On 24 June 2019, Safe Work Australia released a Consultation Regulation Impact Statement (RIS) seeking feedback on the possible impacts of implementing the recommendations of the Marie Boland independent review of the model Work Health and Safety Laws final report (Report).
In February this year, Marie Boland (former Executive Director of SafeWork SA) delivered the Report which found the model WHS laws (the laws) are working as intended although further clarity was required to enhance the application of the laws across jurisdictions. As a result, the Report contained 34 recommendations for reform, some of which we have discussed in our previous article.
The Consultation RIS covers all 34 Report recommendations. However, Safe Work Australia has expressed interest in gathering feedback on 12 recommendations that have “more than a minor impact” on stakeholders, or that require further information and analysis including:
- introducing regulations dealing with psychological health;
- clarifying workplace entry of HSR assistants and WHS entry permit holders;
- providing HSRs with choice of training course;
- providing a process for resolving disputes about WHS issues;
- including gross negligence as an element of the Category 1 offence; and
- introducing an industrial manslaughter offence.
Industrial Manslaughter and enhancing the Category one offence
An earlier article on this blog, reported that several Australian States and Territories are responding to community concerns and are now exploring industrial manslaughter provisions for workplace deaths.
To address the Report’s recommendations concerning the introduction of an industrial manslaughter offence (Recommendation 23b) and an addition of ‘gross negligence’ to the risk-based category 1 offence (Recommendation 23a), the Consultation RIS proposes the following options:
- Option 1 – no amendment and continue to rely on the current offence provision.
- Option 2 – include gross negligence as a fault element in the Category 1 offence (recommendation 23a only) but without adding a separate industrial manslaughter offence.
- Option 3 – introduce an offence of industrial manslaughter (recommendation 23b only), without any changes to the current Category 1 offence. The fault element for Category 1 would remain recklessness.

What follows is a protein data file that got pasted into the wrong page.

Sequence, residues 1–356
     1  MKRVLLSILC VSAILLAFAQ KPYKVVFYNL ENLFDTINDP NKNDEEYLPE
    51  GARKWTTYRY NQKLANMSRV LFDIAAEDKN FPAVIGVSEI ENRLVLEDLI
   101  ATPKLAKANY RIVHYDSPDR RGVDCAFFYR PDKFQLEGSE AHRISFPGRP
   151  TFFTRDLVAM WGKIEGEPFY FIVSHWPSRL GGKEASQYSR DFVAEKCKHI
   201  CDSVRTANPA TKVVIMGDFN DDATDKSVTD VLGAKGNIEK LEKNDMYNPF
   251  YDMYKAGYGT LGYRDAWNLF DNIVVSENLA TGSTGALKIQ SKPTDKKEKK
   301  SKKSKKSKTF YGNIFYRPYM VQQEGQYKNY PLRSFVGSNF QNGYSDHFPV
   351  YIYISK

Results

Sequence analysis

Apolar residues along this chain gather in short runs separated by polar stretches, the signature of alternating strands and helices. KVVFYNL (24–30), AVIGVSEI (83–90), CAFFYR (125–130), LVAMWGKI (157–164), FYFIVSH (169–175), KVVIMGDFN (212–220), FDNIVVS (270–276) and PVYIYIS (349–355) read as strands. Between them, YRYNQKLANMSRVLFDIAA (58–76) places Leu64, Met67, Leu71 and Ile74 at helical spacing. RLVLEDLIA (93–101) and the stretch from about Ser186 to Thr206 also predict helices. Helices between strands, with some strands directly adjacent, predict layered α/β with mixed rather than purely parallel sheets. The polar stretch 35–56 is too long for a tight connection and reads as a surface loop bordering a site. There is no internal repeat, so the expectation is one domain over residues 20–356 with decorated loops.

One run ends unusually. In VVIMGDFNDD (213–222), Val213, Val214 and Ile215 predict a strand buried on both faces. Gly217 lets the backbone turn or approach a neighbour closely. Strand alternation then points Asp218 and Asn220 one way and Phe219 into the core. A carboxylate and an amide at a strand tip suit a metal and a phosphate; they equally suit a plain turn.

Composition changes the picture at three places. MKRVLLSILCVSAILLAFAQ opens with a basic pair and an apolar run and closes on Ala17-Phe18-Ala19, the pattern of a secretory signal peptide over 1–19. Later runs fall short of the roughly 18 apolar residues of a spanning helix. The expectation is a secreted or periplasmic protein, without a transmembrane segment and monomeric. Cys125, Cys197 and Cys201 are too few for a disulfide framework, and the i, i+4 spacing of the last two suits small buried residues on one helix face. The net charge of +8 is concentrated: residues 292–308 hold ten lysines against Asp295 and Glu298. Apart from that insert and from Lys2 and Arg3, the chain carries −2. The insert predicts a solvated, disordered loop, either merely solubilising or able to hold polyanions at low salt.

- Option 4 – implement both recommendation 23a (gross negligence as a fault element in the Category 1 offence) and recommendation 23b (introducing the offence of industrial manslaughter).
Mental health and incident notification duties
Under the current laws, health and safety duties apply to both psychological and physical health.
The Report found that managing psychological health was a key concern for stakeholders. There was a widespread view that the laws inadequately provide for psychological health and safety, due to the absence of specific regulations for managing psychological risks and a lack practical guidance.
To address the need for a clear legislative framework to manage psychological health issues (Recommendation 2) the Consultation RIS proposes two options:
- Option 1 – not to amend the model WHS laws (psychosocial risks would continue to be regulated by the laws) as the existing duties are now supported by recently released guidance materials published by WHS regulators.
- Option 2 – to include requirements for managing psychosocial risks in the model WHS Regulations. This would be done by introducing express requirements for the identification and controls for psychological risks.
The Report also found the incident notification provisions in the laws are not operating as intended, as they do not capture all relevant incidents, particularly psychological injuries. It recommended a review be undertaken of the current incident notification provisions to ensure provision for a notification trigger for psychological injuries to capture relevant incidents, injuries and illnesses that are emerging from new work practices, industries and work arrangements (Recommendation 20). The Consultation RIS proposes that Safe Work Australia undertake this review and draw on the views of all impacted stakeholders.
Safe Work Australia is seeking submissions on how individuals and organisations may be affected by any of the proposed recommendations and options, and the consultation period closes on 5 August 2019. The feedback will be presented to WHS Ministers by the end of 2019.